Nerve stimulation therapy revives a 35-year-old man in vegetative state – sparks hope

A 20-year-old man from France fifteen years back met with a car accident and suffered damage to his brain putting him is a vegetative state or a state where from he never regained consciousness. Now he is 35 years and an experimental low-intensity nerve stimulation method has been found to stir him into a “minimally conscious state”. Although he is not completely awake, there is hope that after similar brain injury the brain may be revived.

In this new study published in Current Biology, the team of researchers including Angela Sirigu, a cognitive neuroscientist at the Institute for Cognitive Sciences–Marc Jeannerod in Lyon, France and her colleagues, tried vagus nerve stimulation (VNS) on the patient. They surgically implanted a disk-shaped palm-sized electrical stimulator to the vagus nerve that gives off minute electrical shocks. These shocks are less than one hundredth of the current required to run a battery-powered wrist watch. The vagus is one of the most important nuerves in the body that carries signals to major organs such as the brain, heart, lungs, gut, digestive system as well as other parts of the body.

As Sirigu explained, nerve stimulation has been studied for brain damage for a while now. It has been tried for other brain diseases as well including epilepsy, cluster headaches, Parkinson’s disease, dementia etc. It is not clear why these work. However, Sirigu says that it could be beacue the vagus nerve connects to the thalamus. Thalamus is a deep-seated region of the brain that leads to awareness and consciousness. If this thalamus is stimulated, it could lead to consciousness. If temporary stimulation leads to rousing a person, long term stimulation of the thalamus could lead to waking up of a vegetative person she speculated. This was the hypothesis the team had worked upon.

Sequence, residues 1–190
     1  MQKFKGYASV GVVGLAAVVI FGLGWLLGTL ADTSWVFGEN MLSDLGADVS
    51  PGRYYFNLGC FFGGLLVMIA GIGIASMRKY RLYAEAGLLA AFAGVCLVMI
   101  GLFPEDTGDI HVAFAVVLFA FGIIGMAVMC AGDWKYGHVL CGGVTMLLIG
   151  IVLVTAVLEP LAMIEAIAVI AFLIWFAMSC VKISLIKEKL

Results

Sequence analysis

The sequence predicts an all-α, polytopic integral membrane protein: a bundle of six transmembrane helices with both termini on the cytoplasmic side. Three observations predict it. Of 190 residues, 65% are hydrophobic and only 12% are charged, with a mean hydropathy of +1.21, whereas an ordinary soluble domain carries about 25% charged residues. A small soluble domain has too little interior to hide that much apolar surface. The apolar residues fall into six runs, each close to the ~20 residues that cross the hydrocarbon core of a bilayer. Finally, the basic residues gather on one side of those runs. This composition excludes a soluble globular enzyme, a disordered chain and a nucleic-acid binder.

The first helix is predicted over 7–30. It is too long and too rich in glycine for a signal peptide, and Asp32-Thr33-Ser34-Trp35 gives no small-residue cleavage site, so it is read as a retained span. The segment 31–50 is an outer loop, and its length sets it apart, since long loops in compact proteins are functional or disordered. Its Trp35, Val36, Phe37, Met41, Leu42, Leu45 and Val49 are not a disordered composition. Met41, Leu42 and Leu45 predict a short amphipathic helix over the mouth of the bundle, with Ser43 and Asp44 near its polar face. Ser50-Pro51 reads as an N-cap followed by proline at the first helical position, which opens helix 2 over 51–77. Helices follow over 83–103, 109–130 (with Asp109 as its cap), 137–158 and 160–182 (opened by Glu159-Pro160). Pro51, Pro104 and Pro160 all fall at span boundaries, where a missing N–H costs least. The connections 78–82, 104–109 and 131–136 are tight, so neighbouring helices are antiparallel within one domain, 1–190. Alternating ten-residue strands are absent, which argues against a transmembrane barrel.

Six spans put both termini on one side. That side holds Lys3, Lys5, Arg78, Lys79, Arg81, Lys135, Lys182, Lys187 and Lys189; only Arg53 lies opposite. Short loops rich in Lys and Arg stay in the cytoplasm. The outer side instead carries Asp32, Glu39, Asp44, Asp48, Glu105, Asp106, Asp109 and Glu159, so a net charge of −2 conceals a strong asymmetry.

For this study the team thus implanted a vagus nerve stimulator in the chest of the patient and kept stimulating the vagus nerve. They then closely monitored his brain activity and also if he could respond to voice commands or track objects with his eyes. The currents provided were small and they passed through the vagus nerve to the brain stem or base of the brain to different parts of the body.

A month into the therapy the man showed small signals that he was more interactive with the world. He started to respond. He was still deemed “minimally conscious” but was still improving from his previous vegetative state say the researchers. For example, the person now could track an object with his eyes and also turn his head when requested. There was a startle response when he was faced with another face close to his suddenly. Brain mapping of activities showed that metabolism was better in the brain in certain regions. This means that these regions were working better now. The brain was also producing stronger theta waves explained Sirigu. These waves are patterns seen on EEG or electroencephalogram and are connected to consciousness.

The persons’ progress is being continuously monitored. After around nine months of the stimulation therapy, although he remained static at his level of consciousness, he did not deteriorate either. This raises hopes for others in this state too says the team. However, experts warn it may be too early to speculate similar successes or more in other patients. A single case might not be indicative of others. But this experiment shows promise they agree.

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